Essence of Indecision
June 22, 2017
A counterfactual is an experiment where the researcher asks how an outcome would change if some causal factor or key element had been different. A classic example is Robert Fogel’s examination of whether the U.S. economy would have grown as quickly in the nineteenth century if there were no railroads. A counterfactual problem with implications for cybersecurity and deterrence is to consider whether the outcome would have been different if it had been the John F. Kennedy administration in charge during the Russian DNC hacking episode.
Kennedy himself wrote (after the Cuban Missile Crisis) that “the secret of the presidential enterprise is to be found in an examination of the way presidential choices are made.” The model for such decisionmaking is the missile crisis, which has been dissected ad nauseam. (The definitive account remains Graham T. Allison, Essence of Decision: Explaining the Cuban Missile Crisis [Little Brown, 1971]). The crisis itself lasted two weeks in October 1962, but the Russian program had begun several months earlier. The CIA suspecting that missiles were being installed in Cuba as early as August (and informed the president of its suspicions). The first missiles arrived a month later, in September, and despite problems with overhead reconnaissance were detected by the United States a month after that, in October. This was the onset of the crisis.
The Kennedy administration considered a number of potential responses, including doing nothing, since the Soviet missiles would not fundamentally change the military balance (a conclusion disputed by the Joint Chiefs of Staff). Kennedy concluded, however, that allowing Russia to install missiles would fundamentally change the political balance, damage allies’ confidence in the United States, and discourage the American people. Despite the very real risk of escalation to nuclear war and fears of Soviet retaliation in other areas (such as Berlin), Kennedy took action, using public communication, military pressure, negotiations, and concessions, in a series of incremental moves that led to the withdrawal of the missiles.
The Russians entered the crisis believing that the new president was inexperienced and had demonstrated a lack of confidence during the Bay of Pigs episode. They believed he would not react and would accept the placement of the missiles. This proved to be a miscalculation that eventually helped to cost Russian premier Nikita Khrushchev his job. We do not want to exaggerate or idealize the role of the Kennedy administration or imply that it had perfect knowledge or consensus among its members on what course of action to take. Decisionmaking was dynamic and interactive in that U.S. actions changed in response to Soviet messages and actions, but the central decision that the placement of the missiles in Cuba was unacceptable guided the administration’s actions.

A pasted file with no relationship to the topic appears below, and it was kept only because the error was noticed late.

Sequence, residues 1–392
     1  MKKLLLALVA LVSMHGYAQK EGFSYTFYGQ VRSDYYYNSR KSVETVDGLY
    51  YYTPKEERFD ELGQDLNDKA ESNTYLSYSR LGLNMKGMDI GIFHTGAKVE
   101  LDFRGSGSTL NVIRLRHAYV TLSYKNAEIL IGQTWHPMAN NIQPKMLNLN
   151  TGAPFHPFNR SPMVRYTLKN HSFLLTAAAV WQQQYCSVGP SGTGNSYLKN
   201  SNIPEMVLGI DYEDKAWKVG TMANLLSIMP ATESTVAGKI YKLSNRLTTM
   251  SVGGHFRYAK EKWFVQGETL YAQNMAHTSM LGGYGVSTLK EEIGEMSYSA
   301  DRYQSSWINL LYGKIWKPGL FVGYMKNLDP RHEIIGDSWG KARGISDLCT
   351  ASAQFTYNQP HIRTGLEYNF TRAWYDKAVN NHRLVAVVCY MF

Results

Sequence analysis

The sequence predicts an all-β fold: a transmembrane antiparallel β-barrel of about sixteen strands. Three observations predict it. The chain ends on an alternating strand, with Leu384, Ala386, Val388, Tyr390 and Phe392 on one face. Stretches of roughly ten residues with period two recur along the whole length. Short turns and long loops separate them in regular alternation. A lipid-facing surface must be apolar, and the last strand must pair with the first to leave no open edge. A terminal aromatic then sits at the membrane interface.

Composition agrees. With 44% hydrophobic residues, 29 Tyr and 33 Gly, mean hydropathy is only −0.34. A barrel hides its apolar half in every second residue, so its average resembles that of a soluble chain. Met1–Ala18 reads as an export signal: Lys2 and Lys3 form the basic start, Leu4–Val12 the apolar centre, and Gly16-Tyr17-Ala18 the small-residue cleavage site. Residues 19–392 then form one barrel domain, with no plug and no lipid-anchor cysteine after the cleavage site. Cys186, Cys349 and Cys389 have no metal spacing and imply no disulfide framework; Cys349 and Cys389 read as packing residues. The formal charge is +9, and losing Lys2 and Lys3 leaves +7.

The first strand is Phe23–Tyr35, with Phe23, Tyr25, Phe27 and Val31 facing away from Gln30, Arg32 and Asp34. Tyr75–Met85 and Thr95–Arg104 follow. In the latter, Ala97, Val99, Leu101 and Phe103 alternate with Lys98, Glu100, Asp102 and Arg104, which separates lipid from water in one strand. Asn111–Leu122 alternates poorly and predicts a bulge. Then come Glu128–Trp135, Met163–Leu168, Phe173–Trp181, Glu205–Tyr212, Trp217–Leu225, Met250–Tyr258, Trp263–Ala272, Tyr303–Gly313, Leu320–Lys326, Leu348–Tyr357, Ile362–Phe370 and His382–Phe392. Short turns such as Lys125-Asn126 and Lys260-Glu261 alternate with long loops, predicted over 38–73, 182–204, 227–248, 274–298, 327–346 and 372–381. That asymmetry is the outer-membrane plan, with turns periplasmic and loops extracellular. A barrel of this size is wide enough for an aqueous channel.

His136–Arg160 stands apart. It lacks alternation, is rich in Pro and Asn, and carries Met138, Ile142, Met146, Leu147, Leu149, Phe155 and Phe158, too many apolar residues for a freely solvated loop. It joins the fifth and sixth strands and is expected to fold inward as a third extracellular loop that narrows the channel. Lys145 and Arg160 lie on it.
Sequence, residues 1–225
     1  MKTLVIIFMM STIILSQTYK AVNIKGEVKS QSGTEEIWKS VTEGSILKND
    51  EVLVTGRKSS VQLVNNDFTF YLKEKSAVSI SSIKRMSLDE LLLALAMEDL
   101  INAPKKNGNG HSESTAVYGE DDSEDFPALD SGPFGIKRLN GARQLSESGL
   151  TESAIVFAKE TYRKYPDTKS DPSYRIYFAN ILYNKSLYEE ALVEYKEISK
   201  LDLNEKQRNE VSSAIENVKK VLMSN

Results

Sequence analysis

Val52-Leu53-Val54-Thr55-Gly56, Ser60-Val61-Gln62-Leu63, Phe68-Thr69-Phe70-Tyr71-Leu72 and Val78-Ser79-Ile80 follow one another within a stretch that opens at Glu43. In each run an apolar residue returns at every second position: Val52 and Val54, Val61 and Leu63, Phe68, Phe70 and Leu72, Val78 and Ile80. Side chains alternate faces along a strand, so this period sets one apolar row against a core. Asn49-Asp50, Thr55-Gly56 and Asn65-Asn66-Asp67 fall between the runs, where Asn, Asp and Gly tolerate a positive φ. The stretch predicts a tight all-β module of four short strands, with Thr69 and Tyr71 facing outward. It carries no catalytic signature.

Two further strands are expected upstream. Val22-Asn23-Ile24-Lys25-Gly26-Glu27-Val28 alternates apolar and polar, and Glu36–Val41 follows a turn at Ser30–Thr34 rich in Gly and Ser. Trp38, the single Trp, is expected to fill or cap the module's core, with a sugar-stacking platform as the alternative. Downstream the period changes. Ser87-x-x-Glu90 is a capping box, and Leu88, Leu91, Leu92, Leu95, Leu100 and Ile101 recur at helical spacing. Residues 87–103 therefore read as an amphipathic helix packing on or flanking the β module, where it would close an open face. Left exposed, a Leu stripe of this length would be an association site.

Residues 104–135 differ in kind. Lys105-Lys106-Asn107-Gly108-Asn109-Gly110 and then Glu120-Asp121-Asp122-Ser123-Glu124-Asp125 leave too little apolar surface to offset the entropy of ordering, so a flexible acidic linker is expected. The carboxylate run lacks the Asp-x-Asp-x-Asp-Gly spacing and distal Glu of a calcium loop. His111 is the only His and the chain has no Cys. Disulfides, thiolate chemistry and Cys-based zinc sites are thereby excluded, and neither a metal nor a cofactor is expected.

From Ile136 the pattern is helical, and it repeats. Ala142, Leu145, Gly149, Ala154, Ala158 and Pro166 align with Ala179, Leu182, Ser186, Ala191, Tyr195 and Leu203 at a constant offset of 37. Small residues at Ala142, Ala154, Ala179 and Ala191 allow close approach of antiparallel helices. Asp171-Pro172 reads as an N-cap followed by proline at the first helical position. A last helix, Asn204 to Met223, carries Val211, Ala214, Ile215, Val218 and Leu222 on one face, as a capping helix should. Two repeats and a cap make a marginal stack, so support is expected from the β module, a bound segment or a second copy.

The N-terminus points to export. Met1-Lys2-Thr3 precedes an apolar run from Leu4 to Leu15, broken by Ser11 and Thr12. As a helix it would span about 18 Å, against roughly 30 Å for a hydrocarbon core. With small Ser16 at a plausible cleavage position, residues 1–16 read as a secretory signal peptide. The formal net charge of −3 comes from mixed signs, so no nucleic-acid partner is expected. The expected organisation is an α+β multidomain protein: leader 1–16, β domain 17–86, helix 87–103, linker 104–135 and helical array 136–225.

The Cuban Missile Crisis was both more dangerous and more complicated than the recent Russian interference in the U.S. presidential elections. Covert interference with an election is not as discrete a challenge as placing nuclear-armed missiles within a few minutes flight of the U.S. homeland. Information operations lack the tangibility of traditional military activities. But interfering in a presidential election (even if it did not affect the final outcome) is part of a larger Russian effort to injure the United States, disrupt NATO, and discredit democracy, and it is ultimately as damaging as missiles in Cuba.
Kennedy could “trade” missiles in Turkey for missiles in Cuba (a symbolic concession since the U.S. missiles had become irrelevant), but it is not clear now that a symbolic concession would sway Russia or that any tangible concession would be in our interest, since it would involve a diminishment of democracy or the Western alliance. We cannot assuage Putin by pressing the reset button a few more times. A response must be tailored to avoid confirming his charge of implacable U.S. hostility to Russia, while convincing Russia that it does not have a free hand in the West, a task that is neither easy nor without risk but is indispensable for defense against new generation threats.
It is not clear than any twenty-first-century U.S. administration, whether Republican or Democrat, could develop a timely response. Learning from their mistakes in the Cold War, the Russians have developed new coercive doctrines that do not easily fit with our definition of conflict. This shields them and makes devising a response more difficult. They have redefined the rules of the game, leaving us uncertain as to how to respond.
Uncertainty is part of conflict. The antidote to uncertainty is not perfect knowledge but confidence. In conflict, leaders need the confidence to act despite risk and imperfect knowledge and to move forward into the fog of war despite ambiguity. If we are to draw any lessons from 1962, it is that a challenge posing unacceptable harm to the United States requires a firm response that, while weighing the risks, is not paralyzed by them.
James Andrew Lewis is a senior vice president at the Center for Strategic and International Studies in Washington, D.C.
Commentary is produced by the Center for Strategic and International Studies (CSIS), a private, tax-exempt institution focusing on international public policy issues. Its research is nonpartisan and nonproprietary. CSIS does not take specific policy positions. Accordingly, all views, positions, and conclusions expressed in this publication should be understood to be solely those of the author(s).
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